Posted by Sandy Yu on 5.30.2019
Summer vacation time is upon us. It should be a time of relaxation and rejuvenation. For many employees, though, it’s much more complex than this. Taking a vacation is associated with feelings of catching-up at work, communication-related stress, and even fear of being judged for using their hard-earned time off.
Most leaders aren’t strangers to the stress of vacation. They’ve been there, and many are working hard to end the unhealthy cycle. The good news is, simple encouragement is helping a large portion of employees, according to a recent U.S. Travel Association report. An impressive 68 percent reported being much happier with their jobs when their company encourages vacation than those who work where vacation is either discouraged or managers are ambivalent about taking time off (42 percent).
Unfortunately, 62 percent of respondents also say their company discourages time off, sends mixed messages, or says nothing at all about vacation. This doesn’t just create an issue of employees being afraid to take vacation days, it also inhibits effective internal communications while employees are out of the office.
This fine line of communication during vacation can't be ignored. Especially in a time of such technological connectedness, it’s crucial leaders put their plans and expectations out in the open.
Here’s how three leaders are already successfully doing just that:
Managers and leaders don't always recognize the gravity of an off-hours email or text. They may see it as an item that can be addressed later, but employees see all messages from leadership through an urgent lens. Even messages that clearly indicate a non-urgent nature, employees may still see as urgent.
Work communication can be subliminally handled as a whack-a-mole type of stimuli. In a connected society even automated messages or messaging can elicit a psychological response.
Employees commonly dread that first peek at emails after disconnecting for a few days. Managers can minimize bombs by having a predetermined strategy for decision making and problem-solving in the absence of an employee.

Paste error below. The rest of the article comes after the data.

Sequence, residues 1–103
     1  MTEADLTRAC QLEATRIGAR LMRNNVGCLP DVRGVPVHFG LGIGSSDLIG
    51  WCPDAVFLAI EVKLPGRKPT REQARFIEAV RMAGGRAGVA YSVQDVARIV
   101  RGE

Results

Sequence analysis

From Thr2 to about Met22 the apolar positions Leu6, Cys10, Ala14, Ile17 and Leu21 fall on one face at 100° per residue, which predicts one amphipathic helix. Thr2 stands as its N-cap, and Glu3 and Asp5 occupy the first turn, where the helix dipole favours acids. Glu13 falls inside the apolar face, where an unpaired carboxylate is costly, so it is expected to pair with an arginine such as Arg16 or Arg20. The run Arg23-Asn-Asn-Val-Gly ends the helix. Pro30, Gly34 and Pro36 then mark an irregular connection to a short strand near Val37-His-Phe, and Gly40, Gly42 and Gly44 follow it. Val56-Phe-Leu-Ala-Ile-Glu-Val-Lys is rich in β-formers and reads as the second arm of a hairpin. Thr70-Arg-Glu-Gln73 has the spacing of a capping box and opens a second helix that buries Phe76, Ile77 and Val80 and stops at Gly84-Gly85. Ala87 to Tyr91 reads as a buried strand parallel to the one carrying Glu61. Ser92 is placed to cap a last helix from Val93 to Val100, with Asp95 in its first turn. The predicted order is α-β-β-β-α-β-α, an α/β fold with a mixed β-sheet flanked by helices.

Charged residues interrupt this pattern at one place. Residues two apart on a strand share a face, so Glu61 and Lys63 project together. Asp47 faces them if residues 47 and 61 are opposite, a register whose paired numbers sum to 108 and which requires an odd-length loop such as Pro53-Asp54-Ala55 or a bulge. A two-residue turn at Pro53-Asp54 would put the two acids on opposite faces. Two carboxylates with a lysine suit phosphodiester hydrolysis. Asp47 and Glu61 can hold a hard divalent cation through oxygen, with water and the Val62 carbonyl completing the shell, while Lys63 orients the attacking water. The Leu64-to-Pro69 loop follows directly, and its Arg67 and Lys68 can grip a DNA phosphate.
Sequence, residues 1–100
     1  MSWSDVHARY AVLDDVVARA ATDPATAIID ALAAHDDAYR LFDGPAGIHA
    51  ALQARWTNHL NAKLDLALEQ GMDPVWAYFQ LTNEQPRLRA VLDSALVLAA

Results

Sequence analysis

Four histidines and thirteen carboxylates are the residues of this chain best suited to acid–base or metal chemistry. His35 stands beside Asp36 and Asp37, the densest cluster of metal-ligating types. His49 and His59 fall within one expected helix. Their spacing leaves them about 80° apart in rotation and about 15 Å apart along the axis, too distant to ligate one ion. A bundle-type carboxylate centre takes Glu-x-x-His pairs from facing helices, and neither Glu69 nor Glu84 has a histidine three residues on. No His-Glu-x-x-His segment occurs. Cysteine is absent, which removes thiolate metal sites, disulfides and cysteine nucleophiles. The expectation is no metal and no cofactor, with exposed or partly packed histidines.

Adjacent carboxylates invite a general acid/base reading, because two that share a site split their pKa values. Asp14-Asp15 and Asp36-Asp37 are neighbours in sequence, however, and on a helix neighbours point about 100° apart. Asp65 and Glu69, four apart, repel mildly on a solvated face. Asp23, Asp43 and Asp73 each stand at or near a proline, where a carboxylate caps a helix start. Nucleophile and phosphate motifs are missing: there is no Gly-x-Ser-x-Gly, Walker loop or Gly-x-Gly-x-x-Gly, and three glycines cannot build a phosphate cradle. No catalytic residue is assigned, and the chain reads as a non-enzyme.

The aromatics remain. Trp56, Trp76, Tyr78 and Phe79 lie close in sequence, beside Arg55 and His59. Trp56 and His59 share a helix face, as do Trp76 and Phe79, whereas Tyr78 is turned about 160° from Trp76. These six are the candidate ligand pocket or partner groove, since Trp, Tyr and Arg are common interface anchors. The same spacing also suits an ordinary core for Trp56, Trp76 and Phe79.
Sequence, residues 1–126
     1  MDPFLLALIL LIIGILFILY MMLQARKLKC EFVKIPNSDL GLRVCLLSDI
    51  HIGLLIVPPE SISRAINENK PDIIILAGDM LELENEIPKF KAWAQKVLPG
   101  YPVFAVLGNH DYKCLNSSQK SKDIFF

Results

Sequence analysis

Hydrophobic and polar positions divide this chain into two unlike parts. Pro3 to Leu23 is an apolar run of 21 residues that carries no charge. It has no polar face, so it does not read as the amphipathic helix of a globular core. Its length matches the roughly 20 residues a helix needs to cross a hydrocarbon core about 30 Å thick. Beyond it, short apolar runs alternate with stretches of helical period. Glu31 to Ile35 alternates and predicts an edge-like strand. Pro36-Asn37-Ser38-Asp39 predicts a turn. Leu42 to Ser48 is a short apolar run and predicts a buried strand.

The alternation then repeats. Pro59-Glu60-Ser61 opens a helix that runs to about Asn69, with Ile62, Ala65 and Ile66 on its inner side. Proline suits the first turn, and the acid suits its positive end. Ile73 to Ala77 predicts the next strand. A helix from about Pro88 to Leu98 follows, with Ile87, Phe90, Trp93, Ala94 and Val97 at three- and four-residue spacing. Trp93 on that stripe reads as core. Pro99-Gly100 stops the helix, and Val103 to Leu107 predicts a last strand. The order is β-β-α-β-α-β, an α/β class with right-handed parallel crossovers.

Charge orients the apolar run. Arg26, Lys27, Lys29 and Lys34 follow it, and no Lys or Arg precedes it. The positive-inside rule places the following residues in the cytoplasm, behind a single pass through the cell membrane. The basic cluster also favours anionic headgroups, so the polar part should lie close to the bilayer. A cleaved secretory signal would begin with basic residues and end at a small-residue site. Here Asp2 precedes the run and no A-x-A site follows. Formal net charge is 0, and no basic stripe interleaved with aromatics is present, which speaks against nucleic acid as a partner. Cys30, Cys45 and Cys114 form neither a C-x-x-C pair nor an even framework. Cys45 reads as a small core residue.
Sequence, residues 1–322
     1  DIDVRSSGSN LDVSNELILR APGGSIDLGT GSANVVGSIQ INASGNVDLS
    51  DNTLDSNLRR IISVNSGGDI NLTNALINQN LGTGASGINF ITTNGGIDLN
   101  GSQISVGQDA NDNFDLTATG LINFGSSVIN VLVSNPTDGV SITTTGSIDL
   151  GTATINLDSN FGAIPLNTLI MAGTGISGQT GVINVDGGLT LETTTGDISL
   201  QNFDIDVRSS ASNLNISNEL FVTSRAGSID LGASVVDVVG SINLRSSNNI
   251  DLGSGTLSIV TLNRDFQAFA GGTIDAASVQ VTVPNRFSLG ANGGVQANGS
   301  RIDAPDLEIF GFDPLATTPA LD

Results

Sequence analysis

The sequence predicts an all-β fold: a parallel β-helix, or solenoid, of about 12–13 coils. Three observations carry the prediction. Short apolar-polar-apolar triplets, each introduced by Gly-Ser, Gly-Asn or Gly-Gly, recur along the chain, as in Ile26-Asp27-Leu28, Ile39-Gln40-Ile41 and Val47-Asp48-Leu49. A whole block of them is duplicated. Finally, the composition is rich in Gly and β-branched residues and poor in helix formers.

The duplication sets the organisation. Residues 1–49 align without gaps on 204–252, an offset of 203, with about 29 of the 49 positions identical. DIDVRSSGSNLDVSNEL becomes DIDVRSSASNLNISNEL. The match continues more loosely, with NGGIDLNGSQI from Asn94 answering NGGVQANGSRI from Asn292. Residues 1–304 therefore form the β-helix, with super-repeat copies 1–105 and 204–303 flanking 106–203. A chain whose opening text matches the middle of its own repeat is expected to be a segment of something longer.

Boundaries for vacation communication should be written, not just understood. Some companies, for example, are beginning to gate certain types of communication during specific hours and have scheduled blackout times to prevent exposure burnout and communication abuse.
Here at Fueled, an app development and design agency, product development takes a minimum of three to six months to complete. You can imagine how difficult it is when an employee takes a vacation during this time and even more difficult when multiple employees take a vacation at the same time.
The biggest challenges we face are lack of communication with clients about the vacation. This leads to unresponded emails when the employee is out of touch, overworked team members working too many hours, and a lack of communication around tasks that need completed when team members are out.
To combat these challenges, we're putting more structure in place to create smoother transitions. Every week, our department heads meet to discuss resourcing, project assignments, and upcoming vacations. We encourage employees to submit vacation hours as soon as they book to help them plan during these meetings in advance.
A common challenge arises when there is an emergency and only a specific employee knows how to resolve the issue. If there’s no official agreement detailing how such emergencies should be dealt with while employees are on vacation, there is bound to be a conflict if the employee refuses to respond to any work-related requests.
This makes it important for managers to have a clear internal communications policy. One that sets mutual expectations to avoid any interruption of business during vacation while allowing employees to enjoy their time off.
I set expectations about what, when, and how to communicate with employees before they step out for vacation. We agree on the best way to reach them in case of an emergency. Then, the number of times a day they should check their messages for updates and the type of scenarios that constitute an emergency.
During non-vacation workdays, email is the main mode of communication. However, during summer months, I’ve found that most employees prefer a quick text message.
By having such an internal communications strategy in place, I feel at ease that business will go on as usual. Additionally, employees can enjoy their vacation without fear of unwanted surprises while they’re away.